A six-year archive of classified military documents made public on Sunday offers an unvarnished, ground-level picture of the war in Afghanistan that is in many respects more grim than the official portrayal.
The secret documents, released on the Internet by an organization called WikiLeaks, are a daily diary of an American-led force often starved for resources and attention as it struggled against an insurgency that grew larger, better coordinated and more deadly each year.
The New York Times, the British newspaper The Guardian and the German magazine Der Spiegel were given access to the voluminous records several weeks ago on the condition that they not report on the material before Sunday.
The documents — some 92,000 reports spanning parts of two administrations from January 2004 through December 2009 — illustrate in mosaic detail why, after the United States has spent almost $300 billion on the war in Afghanistan, the Taliban are stronger than at any time since 2001.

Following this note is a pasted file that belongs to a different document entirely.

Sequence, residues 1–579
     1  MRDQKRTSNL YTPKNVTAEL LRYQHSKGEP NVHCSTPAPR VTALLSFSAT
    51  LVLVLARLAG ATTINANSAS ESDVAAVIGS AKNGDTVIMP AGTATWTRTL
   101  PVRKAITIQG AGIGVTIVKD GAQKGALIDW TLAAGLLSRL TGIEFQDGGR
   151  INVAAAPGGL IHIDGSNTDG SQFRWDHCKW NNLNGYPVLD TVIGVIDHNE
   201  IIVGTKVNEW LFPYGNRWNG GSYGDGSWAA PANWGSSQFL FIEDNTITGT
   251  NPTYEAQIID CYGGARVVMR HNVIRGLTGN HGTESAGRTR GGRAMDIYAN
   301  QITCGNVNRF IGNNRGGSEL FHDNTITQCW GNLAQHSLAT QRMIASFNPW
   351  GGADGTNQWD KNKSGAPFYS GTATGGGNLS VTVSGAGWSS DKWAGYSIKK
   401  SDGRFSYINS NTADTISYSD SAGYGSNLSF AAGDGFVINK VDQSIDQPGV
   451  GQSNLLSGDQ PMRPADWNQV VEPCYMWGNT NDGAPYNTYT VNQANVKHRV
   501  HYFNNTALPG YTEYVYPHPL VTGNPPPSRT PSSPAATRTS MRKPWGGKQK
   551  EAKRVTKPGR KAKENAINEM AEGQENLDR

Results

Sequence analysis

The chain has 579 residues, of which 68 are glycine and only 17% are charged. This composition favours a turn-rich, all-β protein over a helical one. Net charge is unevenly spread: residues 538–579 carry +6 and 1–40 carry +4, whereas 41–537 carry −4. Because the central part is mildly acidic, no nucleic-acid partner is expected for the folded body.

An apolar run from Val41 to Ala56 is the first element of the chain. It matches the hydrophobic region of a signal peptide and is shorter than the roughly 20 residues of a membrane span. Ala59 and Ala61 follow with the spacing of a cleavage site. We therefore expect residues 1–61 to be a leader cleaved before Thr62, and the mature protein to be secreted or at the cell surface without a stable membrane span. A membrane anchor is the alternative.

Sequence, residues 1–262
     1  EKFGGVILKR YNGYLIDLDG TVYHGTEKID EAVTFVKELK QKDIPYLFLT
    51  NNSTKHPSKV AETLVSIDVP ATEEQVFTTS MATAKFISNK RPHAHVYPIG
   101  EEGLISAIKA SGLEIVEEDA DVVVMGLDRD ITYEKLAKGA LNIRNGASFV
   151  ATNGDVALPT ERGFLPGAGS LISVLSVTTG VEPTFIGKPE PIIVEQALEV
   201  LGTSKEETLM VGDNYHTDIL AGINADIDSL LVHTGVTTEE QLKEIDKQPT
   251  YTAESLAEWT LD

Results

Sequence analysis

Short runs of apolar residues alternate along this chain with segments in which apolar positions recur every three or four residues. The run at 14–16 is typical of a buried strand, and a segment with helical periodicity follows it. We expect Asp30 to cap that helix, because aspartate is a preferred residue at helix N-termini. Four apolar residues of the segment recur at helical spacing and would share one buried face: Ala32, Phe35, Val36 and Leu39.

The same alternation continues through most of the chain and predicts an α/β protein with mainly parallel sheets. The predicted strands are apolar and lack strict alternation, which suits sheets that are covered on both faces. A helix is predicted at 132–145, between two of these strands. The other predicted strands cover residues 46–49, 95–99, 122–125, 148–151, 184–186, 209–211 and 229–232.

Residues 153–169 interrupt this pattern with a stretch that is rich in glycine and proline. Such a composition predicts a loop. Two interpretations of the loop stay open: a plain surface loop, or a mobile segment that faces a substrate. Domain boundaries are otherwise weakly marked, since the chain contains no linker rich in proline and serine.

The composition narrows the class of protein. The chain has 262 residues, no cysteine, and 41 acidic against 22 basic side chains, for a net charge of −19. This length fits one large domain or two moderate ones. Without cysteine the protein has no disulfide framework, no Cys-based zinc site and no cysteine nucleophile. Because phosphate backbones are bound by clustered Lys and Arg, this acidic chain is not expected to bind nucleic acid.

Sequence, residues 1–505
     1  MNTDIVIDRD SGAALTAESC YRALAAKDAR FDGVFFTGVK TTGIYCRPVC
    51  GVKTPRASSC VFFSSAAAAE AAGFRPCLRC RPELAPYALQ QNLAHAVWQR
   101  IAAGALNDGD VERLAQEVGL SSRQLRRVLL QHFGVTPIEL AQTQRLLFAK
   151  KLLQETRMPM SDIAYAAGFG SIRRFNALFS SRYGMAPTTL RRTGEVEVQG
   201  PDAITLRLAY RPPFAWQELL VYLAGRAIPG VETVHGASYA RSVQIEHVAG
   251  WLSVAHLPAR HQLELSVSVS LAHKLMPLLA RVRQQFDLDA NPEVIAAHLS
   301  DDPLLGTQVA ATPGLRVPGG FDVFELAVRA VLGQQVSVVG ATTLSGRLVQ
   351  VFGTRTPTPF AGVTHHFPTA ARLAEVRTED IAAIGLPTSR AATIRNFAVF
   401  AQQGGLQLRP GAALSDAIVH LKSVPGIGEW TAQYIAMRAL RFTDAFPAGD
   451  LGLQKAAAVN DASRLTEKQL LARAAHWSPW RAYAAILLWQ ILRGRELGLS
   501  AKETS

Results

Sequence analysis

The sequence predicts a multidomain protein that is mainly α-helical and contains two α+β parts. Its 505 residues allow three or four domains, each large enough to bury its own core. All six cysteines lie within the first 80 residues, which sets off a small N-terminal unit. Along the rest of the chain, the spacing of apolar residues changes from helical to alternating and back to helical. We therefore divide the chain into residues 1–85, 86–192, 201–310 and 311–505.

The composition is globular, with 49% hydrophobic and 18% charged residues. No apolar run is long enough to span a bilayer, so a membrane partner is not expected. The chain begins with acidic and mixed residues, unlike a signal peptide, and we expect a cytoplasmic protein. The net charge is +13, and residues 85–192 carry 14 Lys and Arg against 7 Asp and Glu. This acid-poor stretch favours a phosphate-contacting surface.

Update: FP Passport notes Wikileaks has updated their methodology for releasing these classified documents…
But one prominent advocate of government openness who has previously been critical of Wikileaks sees the organization as behaving more responsibly with its latest document dump. This time, Wikileaks gave three reputable news outlets weeks to review, verify, and contextualize the documents, and says it is withholding (for now) about 15,000 reports “as part of a harm minimization process demanded by our source.”
“After further review, these reports will be released, with occasional redactions, and eventually, in full, as the security situation in Afghanistan permits,” the site says.